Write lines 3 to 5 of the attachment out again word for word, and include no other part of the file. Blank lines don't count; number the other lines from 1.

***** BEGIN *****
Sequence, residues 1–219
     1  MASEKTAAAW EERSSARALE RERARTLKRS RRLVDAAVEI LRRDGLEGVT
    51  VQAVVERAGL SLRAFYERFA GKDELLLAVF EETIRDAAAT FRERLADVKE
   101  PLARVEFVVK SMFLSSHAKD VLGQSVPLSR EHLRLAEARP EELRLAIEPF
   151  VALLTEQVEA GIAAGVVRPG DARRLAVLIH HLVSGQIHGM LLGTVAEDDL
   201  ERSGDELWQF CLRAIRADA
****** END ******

    51  VQAVVERAGL SLRAFYERFA GKDELLLAVF EETIRDAAAT FRERLADVKE
   101  PLARVEFVVK SMFLSSHAKD VLGQSVPLSR EHLRLAEARP EELRLAIEPF
   151  VALLTEQVEA GIAAGVVRPG DARRLAVLIH HLVSGQIHGM LLGTVAEDDL